Bay Duiker Born in time for Thanksgiving

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Bay Duiker family, calf three hours old.

Bay Duiker Born in time for Thanksgiving

Dec 7, 2011

The Ellen Trout Zoo has a long history with this species which has declined dramatically in zoos. ISIS reports only two institutions maintaining this species with a population that now includes eight specimens. Careful husbandry practices have allowed zoo staff to monitor the birth and now the developmental progress of the calf closely without causing distress to the calf or the dam.

The Bay Duiker, also known as a Black-backed Duiker, is a mid-sized forest dwelling African antelope with a reddish coat and a black stripe along its back. Gestation lasts 7.5 to 8 months.

This is the first calf born to eight year old “Princess” and three year old “Billy Bob”, with parturition occurring 226 days after they were re-united following a short separation. Labor was relatively short with an easy birth. After two hours, the calf was standing and after three hours it was making its first attempts to nurse. The pair is very compatible and, while they were still together during the birth, the dam and calf were separated from the sire as a precaution while the calf is very young.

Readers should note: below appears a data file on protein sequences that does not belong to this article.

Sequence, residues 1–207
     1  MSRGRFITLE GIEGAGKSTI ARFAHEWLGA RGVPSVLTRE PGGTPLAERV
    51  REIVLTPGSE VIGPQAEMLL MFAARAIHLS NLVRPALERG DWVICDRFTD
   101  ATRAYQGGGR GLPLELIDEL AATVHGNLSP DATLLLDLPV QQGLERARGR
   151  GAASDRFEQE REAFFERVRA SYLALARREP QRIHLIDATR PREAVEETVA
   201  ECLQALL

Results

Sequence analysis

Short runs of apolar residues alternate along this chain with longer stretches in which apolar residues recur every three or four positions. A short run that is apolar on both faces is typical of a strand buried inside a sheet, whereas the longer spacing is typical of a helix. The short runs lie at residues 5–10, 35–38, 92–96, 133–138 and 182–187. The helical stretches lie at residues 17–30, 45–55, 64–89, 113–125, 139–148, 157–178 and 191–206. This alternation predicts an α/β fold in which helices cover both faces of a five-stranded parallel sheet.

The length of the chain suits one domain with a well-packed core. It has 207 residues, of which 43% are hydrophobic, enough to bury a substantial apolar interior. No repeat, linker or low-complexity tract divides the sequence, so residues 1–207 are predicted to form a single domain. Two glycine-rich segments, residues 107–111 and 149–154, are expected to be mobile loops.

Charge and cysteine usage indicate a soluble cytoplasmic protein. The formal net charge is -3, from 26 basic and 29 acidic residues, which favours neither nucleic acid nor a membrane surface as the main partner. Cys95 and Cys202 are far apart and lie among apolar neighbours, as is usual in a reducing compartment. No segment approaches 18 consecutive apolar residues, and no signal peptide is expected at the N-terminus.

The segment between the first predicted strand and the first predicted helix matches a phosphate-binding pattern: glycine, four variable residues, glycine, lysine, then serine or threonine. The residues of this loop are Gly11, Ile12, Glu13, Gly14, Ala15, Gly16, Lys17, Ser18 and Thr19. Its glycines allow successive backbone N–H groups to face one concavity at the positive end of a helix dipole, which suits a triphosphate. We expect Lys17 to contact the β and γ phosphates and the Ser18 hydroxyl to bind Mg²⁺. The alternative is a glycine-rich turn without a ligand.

During this early period, the calf “hides” most of the day and would not be visible even if on public display. For now, the calf lives in an off exhibit yard with its dam and has access to a heated shelter where it spends most of its time. Animal care staff monitors the calf closely every day and it is thriving. The family will be re-introduced when the calf is older.

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